Maybe someone could help me with the following problem:

I have an interesting byte sequence that I found within a MIPS ELF binary that exists on the hard drive. This byte sequence may be, for example, 9c 6c 3c 04 80 2d 24 84 85. Now I want to find this byte sequence with IDAPython. Therefore, I use the idc.FindBinary() function like so:

address = idc.FindBinary(0, SEARCH_DOWN, byte_sequence)

which finds the first occurrence of the byte sequence at address. In general I want to achieve two things:

  1. I want to colorize the effected affected lines in the IDA View

  2. I want to get the disassembled instructions

Currently there are two subproblems I want to solve:

  1. The byte sequence may start within the instruction, for example, in a jal address the byte sequence starts at address instead of at jal. How can I search backwards to find the beginning of the instruction when the byte sequence started within the instruction? Colorizing works with:

    SetColor(address, CIC_ITEM, 0x208020)
  2. If the byte sequence is 9 bytes long (as in the example above), how can I tell IDAPython to disassemble all 9 bytes. I would have to know how "long" the instructions are that IDAPython disassembles to get to the next instruction. What I know is that I can disassemble at a single addresses with:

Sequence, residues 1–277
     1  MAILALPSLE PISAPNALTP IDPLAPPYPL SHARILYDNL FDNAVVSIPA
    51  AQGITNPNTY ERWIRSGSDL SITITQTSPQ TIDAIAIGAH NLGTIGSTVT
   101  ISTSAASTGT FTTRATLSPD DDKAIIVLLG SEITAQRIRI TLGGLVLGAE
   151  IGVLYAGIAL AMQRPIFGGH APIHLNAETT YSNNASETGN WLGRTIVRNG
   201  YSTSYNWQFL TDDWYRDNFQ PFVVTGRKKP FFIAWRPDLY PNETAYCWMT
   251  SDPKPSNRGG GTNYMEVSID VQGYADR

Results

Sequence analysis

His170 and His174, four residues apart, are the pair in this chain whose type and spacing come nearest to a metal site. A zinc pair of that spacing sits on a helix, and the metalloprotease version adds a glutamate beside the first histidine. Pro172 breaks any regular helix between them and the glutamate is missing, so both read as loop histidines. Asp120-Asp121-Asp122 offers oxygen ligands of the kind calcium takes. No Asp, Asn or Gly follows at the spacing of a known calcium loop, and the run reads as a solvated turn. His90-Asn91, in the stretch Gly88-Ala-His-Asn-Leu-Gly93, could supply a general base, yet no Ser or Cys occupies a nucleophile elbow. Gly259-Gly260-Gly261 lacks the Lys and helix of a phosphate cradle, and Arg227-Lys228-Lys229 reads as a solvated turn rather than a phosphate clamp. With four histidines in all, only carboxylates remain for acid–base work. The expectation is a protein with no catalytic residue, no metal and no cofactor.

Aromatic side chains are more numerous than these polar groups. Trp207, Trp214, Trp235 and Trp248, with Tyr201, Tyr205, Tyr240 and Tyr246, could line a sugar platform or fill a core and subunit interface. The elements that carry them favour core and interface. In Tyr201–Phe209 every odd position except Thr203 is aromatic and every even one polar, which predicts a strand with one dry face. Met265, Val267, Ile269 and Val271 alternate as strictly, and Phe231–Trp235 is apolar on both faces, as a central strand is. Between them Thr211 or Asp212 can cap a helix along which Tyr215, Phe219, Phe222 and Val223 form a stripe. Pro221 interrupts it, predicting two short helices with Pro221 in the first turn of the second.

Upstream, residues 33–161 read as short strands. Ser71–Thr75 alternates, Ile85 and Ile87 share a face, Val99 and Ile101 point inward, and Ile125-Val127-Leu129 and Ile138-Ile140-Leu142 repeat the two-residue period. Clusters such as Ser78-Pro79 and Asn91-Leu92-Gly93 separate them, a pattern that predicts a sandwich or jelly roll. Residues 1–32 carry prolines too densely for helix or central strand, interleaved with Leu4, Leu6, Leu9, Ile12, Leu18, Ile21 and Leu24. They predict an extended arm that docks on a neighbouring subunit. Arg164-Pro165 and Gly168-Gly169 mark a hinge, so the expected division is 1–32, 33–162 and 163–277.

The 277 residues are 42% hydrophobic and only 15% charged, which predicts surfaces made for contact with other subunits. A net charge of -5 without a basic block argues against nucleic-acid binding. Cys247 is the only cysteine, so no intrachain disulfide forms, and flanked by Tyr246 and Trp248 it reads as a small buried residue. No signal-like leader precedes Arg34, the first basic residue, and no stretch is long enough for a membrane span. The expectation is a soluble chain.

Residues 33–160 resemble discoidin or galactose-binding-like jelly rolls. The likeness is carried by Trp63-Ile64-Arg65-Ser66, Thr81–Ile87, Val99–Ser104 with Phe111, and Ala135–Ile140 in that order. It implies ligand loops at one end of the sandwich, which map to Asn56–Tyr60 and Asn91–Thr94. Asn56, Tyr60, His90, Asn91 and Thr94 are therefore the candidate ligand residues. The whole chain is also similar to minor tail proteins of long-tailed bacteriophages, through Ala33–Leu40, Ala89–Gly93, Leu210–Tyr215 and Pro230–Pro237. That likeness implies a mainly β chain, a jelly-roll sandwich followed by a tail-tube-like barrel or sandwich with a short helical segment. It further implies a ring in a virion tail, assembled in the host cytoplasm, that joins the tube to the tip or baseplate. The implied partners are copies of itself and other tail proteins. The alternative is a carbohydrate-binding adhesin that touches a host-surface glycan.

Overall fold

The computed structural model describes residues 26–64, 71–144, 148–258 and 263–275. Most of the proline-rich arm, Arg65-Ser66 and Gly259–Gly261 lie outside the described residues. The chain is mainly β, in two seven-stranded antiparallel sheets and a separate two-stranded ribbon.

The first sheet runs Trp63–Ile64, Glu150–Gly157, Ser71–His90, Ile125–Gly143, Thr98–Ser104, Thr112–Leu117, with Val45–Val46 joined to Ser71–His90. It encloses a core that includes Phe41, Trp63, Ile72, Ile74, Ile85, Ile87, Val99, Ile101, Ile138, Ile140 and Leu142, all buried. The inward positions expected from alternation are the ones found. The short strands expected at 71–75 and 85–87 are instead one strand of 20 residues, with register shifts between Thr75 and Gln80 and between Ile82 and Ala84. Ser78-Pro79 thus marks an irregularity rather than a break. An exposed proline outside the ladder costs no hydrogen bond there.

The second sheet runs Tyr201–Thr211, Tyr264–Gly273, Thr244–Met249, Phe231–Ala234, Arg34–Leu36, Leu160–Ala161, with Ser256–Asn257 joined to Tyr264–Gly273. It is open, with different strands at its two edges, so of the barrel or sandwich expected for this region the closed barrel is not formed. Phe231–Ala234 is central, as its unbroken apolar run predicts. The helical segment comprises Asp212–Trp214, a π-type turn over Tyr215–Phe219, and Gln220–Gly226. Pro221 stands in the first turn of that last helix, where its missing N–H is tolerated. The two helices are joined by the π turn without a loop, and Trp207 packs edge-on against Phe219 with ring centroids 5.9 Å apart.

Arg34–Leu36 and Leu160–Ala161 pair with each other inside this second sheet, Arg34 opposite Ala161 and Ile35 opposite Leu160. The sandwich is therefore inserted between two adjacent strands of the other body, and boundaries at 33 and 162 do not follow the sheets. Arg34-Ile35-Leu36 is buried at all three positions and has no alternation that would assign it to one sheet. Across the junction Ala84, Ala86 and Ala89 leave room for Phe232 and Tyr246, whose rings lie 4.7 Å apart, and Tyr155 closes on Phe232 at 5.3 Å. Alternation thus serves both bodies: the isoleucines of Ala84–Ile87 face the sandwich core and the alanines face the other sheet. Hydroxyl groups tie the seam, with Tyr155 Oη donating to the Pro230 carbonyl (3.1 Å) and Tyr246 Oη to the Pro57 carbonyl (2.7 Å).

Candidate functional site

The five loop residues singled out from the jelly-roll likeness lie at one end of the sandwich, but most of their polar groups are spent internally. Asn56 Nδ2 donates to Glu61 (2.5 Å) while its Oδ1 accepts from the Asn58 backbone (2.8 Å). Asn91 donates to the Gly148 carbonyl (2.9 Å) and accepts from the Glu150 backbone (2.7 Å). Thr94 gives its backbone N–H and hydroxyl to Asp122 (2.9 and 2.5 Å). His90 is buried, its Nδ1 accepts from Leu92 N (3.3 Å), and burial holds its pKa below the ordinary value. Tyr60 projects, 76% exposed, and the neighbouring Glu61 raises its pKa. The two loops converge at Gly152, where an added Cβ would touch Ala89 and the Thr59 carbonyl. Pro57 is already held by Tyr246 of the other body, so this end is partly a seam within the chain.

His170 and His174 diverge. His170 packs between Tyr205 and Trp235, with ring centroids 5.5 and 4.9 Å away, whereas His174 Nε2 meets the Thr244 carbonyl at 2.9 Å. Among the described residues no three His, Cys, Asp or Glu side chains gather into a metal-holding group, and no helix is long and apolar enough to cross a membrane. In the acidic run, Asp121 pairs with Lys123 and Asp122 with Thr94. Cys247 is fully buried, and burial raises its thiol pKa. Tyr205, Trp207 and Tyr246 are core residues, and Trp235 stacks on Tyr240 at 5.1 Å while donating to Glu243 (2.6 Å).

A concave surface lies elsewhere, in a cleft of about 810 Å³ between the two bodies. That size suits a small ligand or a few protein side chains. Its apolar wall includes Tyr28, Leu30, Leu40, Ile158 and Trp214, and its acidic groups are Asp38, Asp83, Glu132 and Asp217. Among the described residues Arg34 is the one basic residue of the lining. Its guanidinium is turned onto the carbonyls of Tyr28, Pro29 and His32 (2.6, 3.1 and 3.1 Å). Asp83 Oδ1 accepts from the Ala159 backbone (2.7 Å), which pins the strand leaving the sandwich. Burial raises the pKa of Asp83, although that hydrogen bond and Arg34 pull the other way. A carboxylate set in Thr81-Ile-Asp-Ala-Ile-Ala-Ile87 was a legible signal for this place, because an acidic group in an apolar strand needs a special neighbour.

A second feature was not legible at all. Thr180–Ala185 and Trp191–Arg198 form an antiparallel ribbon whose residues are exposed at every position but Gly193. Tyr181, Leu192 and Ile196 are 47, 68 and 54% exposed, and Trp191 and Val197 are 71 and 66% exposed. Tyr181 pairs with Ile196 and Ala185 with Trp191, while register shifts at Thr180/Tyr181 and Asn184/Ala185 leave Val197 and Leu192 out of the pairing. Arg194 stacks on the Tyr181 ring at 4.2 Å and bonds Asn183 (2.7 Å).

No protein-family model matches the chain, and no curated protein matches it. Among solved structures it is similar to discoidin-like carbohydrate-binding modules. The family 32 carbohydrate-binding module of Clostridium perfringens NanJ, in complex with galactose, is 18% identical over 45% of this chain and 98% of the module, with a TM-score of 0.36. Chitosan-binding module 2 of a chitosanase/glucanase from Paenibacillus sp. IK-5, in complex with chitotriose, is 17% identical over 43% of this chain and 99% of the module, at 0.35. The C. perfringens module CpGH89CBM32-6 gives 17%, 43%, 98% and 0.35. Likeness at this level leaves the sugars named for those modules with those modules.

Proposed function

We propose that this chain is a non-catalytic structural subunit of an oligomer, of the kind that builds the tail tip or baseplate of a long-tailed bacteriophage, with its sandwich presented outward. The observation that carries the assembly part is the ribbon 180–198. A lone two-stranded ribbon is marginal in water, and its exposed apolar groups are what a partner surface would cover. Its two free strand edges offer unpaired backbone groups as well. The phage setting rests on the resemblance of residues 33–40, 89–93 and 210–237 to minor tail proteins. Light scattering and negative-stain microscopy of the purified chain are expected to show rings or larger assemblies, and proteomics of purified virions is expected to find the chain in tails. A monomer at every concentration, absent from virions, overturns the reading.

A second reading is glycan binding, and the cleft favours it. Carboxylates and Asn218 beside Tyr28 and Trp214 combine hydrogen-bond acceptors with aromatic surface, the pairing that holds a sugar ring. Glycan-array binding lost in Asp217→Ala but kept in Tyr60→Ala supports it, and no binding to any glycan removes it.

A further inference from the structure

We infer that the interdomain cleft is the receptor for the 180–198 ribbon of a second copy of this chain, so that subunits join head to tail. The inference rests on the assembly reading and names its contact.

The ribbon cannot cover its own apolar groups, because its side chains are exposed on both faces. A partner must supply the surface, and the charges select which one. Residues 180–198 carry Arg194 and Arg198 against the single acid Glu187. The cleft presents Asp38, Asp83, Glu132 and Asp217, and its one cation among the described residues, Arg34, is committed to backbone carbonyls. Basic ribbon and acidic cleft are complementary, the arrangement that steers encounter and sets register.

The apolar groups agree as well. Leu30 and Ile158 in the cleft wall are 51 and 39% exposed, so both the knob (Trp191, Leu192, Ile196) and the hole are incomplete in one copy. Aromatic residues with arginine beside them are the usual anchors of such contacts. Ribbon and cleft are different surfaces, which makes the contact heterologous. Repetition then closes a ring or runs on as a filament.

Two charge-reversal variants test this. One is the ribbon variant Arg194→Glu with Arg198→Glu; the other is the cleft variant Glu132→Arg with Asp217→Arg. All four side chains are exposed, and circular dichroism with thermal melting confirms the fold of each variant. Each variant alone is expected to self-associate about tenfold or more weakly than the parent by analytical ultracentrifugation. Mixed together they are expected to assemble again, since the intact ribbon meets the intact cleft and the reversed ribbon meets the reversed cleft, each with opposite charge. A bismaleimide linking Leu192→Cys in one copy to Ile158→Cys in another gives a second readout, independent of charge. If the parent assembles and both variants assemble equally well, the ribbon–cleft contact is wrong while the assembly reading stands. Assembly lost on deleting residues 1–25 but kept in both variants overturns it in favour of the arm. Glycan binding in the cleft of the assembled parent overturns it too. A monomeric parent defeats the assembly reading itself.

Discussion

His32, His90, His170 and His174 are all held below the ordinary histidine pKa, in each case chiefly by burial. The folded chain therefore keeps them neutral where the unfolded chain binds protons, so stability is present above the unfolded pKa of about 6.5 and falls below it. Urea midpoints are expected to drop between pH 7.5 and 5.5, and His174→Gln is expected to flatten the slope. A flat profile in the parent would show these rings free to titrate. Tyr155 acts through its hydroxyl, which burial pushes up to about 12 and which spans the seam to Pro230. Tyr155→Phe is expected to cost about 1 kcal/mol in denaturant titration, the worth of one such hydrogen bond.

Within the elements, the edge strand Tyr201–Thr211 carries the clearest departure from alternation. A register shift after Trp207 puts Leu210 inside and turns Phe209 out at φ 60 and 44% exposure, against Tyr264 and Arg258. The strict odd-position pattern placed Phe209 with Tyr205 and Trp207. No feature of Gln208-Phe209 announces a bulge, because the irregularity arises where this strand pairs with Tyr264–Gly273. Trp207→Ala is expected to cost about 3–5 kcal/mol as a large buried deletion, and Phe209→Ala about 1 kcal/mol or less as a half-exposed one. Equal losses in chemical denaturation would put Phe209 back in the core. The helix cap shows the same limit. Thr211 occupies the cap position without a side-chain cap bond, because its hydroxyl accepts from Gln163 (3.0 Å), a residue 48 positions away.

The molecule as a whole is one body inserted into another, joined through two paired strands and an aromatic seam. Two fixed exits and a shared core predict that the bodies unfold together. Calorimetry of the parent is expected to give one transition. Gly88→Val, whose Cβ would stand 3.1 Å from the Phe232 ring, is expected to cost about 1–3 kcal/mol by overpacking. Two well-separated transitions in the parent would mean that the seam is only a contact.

disasm = idc.GetDisasm(address)

Any help would be greatly appreciated!

  • 3
    Not 100% sure, but i seem to remember that MIPS instructions are always exactly 4 bytes, so you can just do some modulo calculations. Otherwise, PrevHead and NextHead are probably what you want (idc.PrevHead and idc.NextHead in IdaPython). Nov 18, 2015 at 9:40

1 Answer 1


You can easily do that using Sark:

# Get all the lines relevant to your bytes
for line in sark.lines(start=address, end=address + len(byte_sequence)):
    # For each line, color it, and print the disasm and the instruction length
    line.color = 0x123456
    print 'Line Size: {}\nLine Disasm: {}'.format(line.size, line.disasm)

You might need to add handling for cases where there is no disassembly (the bytes are data-bytes and not code).


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